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Bicycle Infrastructure

Op-Ed: Paint The Bike Lane, Dammit, Before Someone Dies!

Cars frequently reclaim protected bike lanes — as they did on the two-way stretch of Clinton Street on the Lower East Side — between the time the DOT removes pavement and when the agency restores painted markings. Photo: Jon Orcutt

When is a parking-protected bike lane — a street design pioneered in this country by our own city Department of Transportation — no longer a parking-protected bike lane?

When that same DOT removes all street markings for street resurfacing, leaving cyclists who have become attuned to the city’s best on-street bike routes to fend for themselves in heavy traffic for weeks, a month — sometimes more.

The pattern is this: In warmer months, DOT’s division of Roadway Repair and Maintenance scrapes old pavement (known as “milling”) from streets whose surfaces have become worn, and then several weeks later applies a new surface. New paint markings eventually follow.

New York City bike riders are living with this process right now, in spades, because DOT has milled portions of the protected bike-lane corridors of First, Second, Eighth and Ninth avenues in Manhattan at the same time! But the problem is not new.

The remedy isn’t difficult. DOT should simply mark protected bike lanes with cones (!) while painted street markings are absent.

Will that add some labor and the cost of cones to RRM's street-resurfacing operation? Yes, it will. But the benefit will be immediate in terms of preserving cyclists’ right-of-way on major bike routes, and in maintaining predictable behavior by cyclists, pedestrians and motorists (while both driving and parking) while city streets are milled.

This problem has been with us since DOT began resurfacing streets that were reconfigured with protected bike lanes, but it has become more urgent in recent years because of the proliferation of two-way bike lanes on one-way streets.

The overnight removal of protected bike lanes on one-way avenues can be daunting, inconvenient and confusing for cyclists and motorists alike.  But it is downright dangerous when DOT removes the marking for two-way bike lanes on one-way streets.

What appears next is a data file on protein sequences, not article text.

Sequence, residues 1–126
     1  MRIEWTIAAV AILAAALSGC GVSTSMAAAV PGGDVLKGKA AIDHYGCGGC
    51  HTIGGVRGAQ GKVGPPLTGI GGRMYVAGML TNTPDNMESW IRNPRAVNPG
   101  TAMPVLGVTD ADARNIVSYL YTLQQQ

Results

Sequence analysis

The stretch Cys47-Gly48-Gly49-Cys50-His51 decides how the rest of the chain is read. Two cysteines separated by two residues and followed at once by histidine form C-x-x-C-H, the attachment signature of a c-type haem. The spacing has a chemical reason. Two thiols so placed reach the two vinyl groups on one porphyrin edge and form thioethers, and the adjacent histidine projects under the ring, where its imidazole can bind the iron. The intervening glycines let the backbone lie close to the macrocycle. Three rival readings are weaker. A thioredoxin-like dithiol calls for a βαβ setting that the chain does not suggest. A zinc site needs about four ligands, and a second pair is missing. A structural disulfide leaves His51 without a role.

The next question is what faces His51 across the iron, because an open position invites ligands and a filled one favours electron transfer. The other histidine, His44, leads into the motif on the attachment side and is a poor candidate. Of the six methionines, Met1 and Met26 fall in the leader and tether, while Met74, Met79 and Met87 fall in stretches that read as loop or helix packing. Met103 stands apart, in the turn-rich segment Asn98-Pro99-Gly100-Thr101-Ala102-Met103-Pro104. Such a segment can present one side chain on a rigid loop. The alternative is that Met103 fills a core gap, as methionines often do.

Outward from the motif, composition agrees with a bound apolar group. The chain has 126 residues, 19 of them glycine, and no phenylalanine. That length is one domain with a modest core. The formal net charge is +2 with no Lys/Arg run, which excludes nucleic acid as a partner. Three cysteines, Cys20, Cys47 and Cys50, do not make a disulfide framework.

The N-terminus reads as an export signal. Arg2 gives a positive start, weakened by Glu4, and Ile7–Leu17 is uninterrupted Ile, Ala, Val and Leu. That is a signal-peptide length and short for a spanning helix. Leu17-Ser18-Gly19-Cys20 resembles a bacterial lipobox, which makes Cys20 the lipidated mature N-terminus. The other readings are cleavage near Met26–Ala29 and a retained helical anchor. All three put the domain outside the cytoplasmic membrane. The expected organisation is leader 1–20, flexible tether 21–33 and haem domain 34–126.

The agency imposes a strange, hazardous grey area when it does so: Street regulations and the developed habits of bike riders say the street is two-way for bikes, but nothing on the unmarked street allows for that. Providing detour information with signs and on-line could help in these cases, but DOT doesn’t do that, either.  

In addition to marking protected bike lanes temporarily with cones, DOT also could impose a quicker schedule from milling to resurfacing on key bike routes. This is just a matter of discipline in scheduling the crews who do the work. Bike riders are far more sensitive to bad road surfaces than cars are, and milled streets certainly qualify as bad. Plus, RRM would have to keep its cones out for fewer days if can get markings back in place faster.

Fixing the problem of protected bike lanes and street resurfacing would close a glaring policy gap that adds to the sense of cyclists and non-bike riders alike that the city isn’t serious about building bikes into a mainstream means of transportation.

A fundamental challenge for cycling in New York today is whether institutional commitment to bike transportation can be extended from a few parts of DOT to the entirety of city government.

Even in DOT, major units are not acting any differently than they did in 2006 or 1996, although the streets themselves have changed considerably in the past decade.

Getting their practices aligned with the city’s stated goals for expanding cycling has to happen if we are going to build a bike-friendly New York.  

Jon Orcutt is the communications director of Bike New York. He was policy director at the Department of Transportation during the Bloomberg Administration.

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